Since the person you hire will be spending time alone with your parent or loved one, it is essential that you approve them yourself. Having an agency just send someone over is not acceptable in this situation. Even if they can paint a picture of a candidate’s qualifications, because the job of health care provider is so intimate, personality is equally as important. If your loved one is able to participate in the interview, that is ideal. Regardless, they should spend some time together to make sure that they click.

7. Conduct a Background Check
Do not trust your intuition. When you think that you have found the person you want to hire, do conduct a background check to make sure that the person you hire does not have a questionable past.

8. Check References
Even if this is their first job in the field of health care, every applicant should be able to provide references. Ideally, these should come from past employers. Otherwise, professors, internship supervisors, and personal references can also be used.

9. Protect Your Home and Family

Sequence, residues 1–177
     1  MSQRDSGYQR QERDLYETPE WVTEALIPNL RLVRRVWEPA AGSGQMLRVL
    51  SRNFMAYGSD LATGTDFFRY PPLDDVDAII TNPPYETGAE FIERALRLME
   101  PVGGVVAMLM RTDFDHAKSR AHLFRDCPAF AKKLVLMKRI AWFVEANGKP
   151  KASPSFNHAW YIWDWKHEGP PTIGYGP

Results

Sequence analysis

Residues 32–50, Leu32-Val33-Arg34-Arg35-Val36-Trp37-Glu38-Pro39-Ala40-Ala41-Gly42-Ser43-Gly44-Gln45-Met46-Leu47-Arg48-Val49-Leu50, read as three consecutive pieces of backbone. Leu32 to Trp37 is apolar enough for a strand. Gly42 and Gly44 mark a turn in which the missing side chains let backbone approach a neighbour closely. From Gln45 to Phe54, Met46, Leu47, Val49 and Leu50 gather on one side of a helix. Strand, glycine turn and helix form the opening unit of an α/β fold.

Since the health care provider you hire will most likely have free access to your home, possessions, and family members, find out if they are bonded. It they are not bonded themselves, find out if the agency that you hired them from is. Remember not to leave credit cards, checkbooks and personal papers in unsecured areas.

10. Stay Involved
Your job is not over once the contract is signed and employment has begun. The more of a presence you have in your loved one’s life the better. Even if you can not be there in person, scheduling telephone meetings can let the health care provider know that you are involved and on top of things. Ask for progress reports and find out if there are any difficulties. Since the health care provider is around your loved one the most, they can give you the best information about their physical health as well as their state of mind.